A new year means new resolutions. Sometimes those resolutions tend to be harsh, and unrealistic. As a parent of a child with special needs, we often create even harsher and more unrealistic goals for the new year, and then become harsh and critical with ourselves when we do not achieve these goals
Read my blog with Different Dreams Living entitled, "3 Special Needs Resolutions for a New Year" to create kinder and achievable resolutions for 2017!
What a wonderful opportunity I have had to contribute to Mary Sauer's latest blog entitled, "I'm Afraid I'm Failing my Middle Child" on Mom.me!
Click here to read her thoughts about her experience as a mother of a middle child, and my suggestions on how to help your middle one feel as important as the oldest and youngest.
Thank you for your votes! Dr. Liz, of Psychological & Educational Consulting, LLC, is your NJ Family Favorite Kids' Doc!
Stephanie Fredericka, LCSW
Identifying emotions is an important aspect of a child's development of emotional awareness. We can help our children shape their emotional intelligence through support and nurturing of their expression of feelings.
In my work with children, I like to use images of characters displaying various emotions. My goal is to help the children identify with the feelings the characters are displaying, and then discuss what invokes them to feel similar emotions. In doing so, this helps children begin to associate emotions with various situations they may be faced with. It will equip them with the necessary vocabulary to describe their feelings, when placed in similar circumstances. This reduces frustration, which in turn can help reduce the number of times tantrums and outbursts occur.
Parents can, of course, help their children identify their emotions at home. Ask your child how he feels throughout the course of the day, and encourage him to describe his feelings. It is important not only to focus on negative feelings, but also emotions that make them happy! You can ask your child to express the way she is feeling by writing or drawing a picture. By engaging her and conducting feeling “check-ins,” she'll soon be able to name their own emotions. Parents may also help their children further practice identifying emotions by pointing out moods of TV characters, story book characters or even the mood/atmosphere of certain public scenarios.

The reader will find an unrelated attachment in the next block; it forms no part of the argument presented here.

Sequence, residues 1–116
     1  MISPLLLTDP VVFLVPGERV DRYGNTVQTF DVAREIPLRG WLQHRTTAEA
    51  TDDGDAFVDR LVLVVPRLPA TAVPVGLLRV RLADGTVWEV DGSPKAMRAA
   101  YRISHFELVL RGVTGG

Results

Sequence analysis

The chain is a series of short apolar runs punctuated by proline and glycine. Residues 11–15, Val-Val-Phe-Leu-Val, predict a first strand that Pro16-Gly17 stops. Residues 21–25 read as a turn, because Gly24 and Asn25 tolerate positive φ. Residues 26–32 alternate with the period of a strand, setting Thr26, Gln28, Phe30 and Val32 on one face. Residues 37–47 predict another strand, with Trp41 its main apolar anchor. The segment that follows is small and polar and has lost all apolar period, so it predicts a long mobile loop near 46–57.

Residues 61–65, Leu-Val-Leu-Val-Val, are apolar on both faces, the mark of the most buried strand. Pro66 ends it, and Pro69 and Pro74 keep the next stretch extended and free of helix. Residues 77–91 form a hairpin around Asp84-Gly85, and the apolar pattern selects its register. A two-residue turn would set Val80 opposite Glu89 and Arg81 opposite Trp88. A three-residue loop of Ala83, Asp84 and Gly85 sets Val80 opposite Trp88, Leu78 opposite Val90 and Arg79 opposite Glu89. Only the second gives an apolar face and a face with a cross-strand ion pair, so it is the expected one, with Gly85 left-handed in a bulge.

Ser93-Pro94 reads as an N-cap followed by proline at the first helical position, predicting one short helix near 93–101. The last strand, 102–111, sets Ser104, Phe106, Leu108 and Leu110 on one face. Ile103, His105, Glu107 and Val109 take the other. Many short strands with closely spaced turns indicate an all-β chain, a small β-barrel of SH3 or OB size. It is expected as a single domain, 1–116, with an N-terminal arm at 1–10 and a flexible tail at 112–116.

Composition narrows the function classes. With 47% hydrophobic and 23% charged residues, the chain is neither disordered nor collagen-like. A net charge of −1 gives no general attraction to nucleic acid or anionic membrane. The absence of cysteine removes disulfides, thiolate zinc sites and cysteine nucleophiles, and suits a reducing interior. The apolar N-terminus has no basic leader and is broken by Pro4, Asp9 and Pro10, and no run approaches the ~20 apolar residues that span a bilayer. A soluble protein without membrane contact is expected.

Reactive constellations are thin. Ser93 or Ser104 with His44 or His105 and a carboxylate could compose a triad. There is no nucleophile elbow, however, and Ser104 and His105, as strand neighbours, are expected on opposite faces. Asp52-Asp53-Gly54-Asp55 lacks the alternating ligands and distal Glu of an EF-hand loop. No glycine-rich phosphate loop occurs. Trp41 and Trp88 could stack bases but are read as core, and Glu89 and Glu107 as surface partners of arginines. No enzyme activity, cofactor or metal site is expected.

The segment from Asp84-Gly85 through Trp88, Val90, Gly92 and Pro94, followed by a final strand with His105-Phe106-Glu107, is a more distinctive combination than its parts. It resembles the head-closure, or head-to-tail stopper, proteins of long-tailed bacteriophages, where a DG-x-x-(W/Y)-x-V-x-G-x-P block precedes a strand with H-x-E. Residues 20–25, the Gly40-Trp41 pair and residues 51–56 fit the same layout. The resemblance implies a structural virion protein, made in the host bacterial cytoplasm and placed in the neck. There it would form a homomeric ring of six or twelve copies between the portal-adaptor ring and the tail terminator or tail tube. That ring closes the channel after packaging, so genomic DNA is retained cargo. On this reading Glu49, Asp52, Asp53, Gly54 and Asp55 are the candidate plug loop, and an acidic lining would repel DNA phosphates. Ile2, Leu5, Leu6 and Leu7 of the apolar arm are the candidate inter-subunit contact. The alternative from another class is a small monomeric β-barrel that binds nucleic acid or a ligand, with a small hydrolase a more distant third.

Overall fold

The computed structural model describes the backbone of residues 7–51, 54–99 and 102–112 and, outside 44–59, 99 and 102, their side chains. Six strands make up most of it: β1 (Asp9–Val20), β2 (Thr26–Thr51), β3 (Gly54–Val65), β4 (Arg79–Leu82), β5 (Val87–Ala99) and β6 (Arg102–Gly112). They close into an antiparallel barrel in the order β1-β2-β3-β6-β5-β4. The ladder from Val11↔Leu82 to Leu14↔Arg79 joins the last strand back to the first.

Building emotional intelligence in a child cultivates a supportive, nurturing foundation for open communication within the family unit. It is healthy practice and helpful to come together as a family, to process an argument and allow each family member to identify how they felt during and after the disagreement. This allows each family member to take ownership of their part, thus fostering an environment where individual feelings are validated and heard. It's also helpful to set ground rules when having these family meetings, such as: one speaker at a time, no “blaming games,” and allowing each person the courtesy to speak freely. This reinforces positive communication skills in children.
The ability to name an emotion is a powerful tool for a child; building emotion intelligence in children is empowering. It gives children the necessary skill sets to become strong and confident young adults as they encounter the challenges of everyday life.
Dr. Liz Matheis
Dr Liz Matheis is licensed Clinical Psychologist who specializes in assisting children and their families with Autism, AD/HD, and other learning/behavioral disorders.